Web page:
The sixth Environmental Action Programme focuses on the 20% reduction in the quantity of waste going to final disposal by 2010 and the 50% reduction by 2050[1]. To this aim, several actions are included such as separate collection for at least paper, metal, plastics and glass by 2015. The targets include the recycling or preparation for reuse the 50% of household waste by 2020.

Key term in waste legislation and policy is the waste hierarchy which includes the most desirable options in waste management:

  • preventing and reducing the quantity of waste
  • recovering materials for reuse
  • recycling
  • energy recovery
  • the safe disposal of waste in residues landfills

Figure 1: Waste hierarchy under Directive 2008/98/EC

Guidelines on the key provisions of Directive 2008/98/EC, regarding prevention, reuse, recycling, energy recovery on waste are included in the national rules. Furthermore, the Landfill Directive 1999/31/EC obligates Member States to reduce the amount of biodegradable municipal waste that they landfill to 35% of 1995 levels by 2016 (for some countries by 2020).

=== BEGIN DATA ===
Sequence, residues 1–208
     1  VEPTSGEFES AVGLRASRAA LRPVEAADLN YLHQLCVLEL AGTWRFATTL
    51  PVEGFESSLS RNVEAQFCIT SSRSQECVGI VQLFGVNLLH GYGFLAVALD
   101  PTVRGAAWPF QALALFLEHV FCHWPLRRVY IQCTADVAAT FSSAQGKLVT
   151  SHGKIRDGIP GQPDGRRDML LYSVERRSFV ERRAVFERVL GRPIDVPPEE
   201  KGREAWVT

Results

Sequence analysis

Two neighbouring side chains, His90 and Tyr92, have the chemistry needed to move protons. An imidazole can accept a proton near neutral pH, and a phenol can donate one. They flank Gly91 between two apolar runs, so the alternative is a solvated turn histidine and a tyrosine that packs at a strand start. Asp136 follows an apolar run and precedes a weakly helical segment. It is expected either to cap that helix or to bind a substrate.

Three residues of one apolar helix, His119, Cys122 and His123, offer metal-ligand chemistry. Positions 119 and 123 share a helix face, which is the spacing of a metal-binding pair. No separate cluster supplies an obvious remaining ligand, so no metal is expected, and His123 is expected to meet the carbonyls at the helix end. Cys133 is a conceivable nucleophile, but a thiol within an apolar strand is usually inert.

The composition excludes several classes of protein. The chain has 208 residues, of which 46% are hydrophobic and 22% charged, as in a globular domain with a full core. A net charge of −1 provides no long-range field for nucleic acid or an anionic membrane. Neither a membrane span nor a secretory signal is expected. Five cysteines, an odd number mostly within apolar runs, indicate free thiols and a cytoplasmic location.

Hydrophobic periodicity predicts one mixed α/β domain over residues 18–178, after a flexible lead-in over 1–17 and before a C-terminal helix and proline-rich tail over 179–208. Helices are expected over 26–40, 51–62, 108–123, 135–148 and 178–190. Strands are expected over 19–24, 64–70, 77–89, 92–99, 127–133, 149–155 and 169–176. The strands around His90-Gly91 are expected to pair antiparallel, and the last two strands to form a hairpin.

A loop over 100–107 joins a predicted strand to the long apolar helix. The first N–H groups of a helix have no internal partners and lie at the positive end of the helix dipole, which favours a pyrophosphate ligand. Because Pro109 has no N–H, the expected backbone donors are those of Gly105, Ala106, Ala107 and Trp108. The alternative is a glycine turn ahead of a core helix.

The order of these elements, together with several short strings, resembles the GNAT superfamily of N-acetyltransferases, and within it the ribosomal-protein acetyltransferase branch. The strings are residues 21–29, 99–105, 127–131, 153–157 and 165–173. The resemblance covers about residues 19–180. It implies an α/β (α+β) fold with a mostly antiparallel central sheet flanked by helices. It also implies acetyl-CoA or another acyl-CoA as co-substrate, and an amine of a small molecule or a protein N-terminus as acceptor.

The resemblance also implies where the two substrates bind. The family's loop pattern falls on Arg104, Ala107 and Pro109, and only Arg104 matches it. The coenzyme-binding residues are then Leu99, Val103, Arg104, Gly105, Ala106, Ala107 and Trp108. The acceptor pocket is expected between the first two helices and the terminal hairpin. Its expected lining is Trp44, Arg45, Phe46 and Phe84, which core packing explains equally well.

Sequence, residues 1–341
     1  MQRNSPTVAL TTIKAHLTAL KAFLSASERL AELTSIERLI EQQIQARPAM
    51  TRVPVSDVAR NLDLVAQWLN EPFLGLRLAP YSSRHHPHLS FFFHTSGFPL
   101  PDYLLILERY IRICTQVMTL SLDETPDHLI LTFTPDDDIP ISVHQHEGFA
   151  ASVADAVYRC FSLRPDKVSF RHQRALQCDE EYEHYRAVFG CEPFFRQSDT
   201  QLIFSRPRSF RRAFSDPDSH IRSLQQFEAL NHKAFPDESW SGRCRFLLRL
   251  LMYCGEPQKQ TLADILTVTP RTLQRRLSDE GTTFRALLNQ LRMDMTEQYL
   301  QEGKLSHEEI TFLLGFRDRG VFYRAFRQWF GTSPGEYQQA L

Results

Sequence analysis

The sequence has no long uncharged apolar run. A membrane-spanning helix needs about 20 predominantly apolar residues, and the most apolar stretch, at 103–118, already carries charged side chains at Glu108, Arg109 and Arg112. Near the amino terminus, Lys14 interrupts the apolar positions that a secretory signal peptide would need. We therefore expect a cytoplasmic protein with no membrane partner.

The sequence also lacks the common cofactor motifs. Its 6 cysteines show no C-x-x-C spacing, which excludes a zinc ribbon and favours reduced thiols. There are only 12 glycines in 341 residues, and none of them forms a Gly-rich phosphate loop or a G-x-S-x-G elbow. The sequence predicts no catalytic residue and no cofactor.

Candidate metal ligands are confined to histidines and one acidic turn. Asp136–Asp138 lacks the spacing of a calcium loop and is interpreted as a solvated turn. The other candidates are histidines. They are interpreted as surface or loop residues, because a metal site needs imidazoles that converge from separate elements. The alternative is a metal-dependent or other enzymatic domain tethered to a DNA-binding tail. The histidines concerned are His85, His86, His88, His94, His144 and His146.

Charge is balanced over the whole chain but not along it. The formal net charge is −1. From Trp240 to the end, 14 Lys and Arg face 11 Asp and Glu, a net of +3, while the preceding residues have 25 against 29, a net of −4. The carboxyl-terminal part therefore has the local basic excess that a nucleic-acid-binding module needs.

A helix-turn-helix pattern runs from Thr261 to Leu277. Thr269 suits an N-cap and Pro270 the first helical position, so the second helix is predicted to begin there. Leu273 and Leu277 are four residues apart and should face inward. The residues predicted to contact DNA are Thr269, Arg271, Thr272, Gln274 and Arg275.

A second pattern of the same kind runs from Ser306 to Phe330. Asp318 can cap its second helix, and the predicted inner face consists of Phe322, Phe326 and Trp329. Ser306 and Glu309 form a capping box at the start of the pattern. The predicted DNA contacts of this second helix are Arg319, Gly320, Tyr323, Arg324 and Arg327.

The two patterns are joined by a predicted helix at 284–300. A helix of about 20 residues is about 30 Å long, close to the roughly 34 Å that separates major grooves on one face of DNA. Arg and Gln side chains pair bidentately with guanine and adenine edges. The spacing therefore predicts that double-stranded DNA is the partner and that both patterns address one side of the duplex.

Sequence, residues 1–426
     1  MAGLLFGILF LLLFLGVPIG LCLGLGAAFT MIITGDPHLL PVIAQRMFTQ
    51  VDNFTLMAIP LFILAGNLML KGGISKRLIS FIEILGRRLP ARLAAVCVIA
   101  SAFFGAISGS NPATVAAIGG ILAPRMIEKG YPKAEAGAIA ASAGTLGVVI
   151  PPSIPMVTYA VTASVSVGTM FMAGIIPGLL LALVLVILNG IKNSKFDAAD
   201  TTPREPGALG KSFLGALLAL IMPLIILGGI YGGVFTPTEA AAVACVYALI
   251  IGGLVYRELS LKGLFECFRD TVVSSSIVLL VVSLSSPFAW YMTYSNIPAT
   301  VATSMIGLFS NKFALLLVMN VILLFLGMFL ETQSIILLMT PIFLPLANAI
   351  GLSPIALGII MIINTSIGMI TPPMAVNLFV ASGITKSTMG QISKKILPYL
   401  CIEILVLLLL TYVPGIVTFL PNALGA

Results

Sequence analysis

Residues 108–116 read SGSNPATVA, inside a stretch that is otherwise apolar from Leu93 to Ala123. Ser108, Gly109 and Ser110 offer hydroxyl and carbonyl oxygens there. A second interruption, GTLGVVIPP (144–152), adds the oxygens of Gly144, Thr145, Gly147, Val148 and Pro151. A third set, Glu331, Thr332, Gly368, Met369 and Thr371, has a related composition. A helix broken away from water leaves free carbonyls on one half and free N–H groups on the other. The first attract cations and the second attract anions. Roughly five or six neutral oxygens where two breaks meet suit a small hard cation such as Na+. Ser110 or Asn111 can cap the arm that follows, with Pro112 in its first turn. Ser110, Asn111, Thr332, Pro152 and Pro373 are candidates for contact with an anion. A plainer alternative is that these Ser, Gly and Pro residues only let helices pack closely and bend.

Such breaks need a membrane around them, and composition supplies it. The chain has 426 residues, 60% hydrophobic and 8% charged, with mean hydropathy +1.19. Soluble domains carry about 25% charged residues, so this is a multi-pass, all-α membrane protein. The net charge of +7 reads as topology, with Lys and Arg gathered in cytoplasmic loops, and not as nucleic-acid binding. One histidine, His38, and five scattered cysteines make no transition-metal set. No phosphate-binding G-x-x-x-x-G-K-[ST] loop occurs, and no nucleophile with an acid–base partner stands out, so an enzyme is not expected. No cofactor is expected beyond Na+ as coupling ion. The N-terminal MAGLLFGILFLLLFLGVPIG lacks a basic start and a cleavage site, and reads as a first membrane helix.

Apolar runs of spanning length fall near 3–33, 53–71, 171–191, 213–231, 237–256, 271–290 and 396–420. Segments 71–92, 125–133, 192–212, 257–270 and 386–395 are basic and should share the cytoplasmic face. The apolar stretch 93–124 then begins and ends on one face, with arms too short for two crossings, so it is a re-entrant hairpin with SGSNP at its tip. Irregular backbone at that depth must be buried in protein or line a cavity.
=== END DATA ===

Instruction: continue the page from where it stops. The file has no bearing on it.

The national laws of the member states are harmonized with the European legislation. According to Greek legislation:

  • sorting at source (at least for glass, paper, plastic and metal) by 2015
  • increase of 50% for preparation for reuse and recycling of household or similar commercial solid waste (at least for paper, metal, plastic and glass) by 2020
  • reducing the amount of biodegradable municipal solid waste that they landfill to 50% of 1995 levels by 2013 and to 35% of 1995 levels by 2020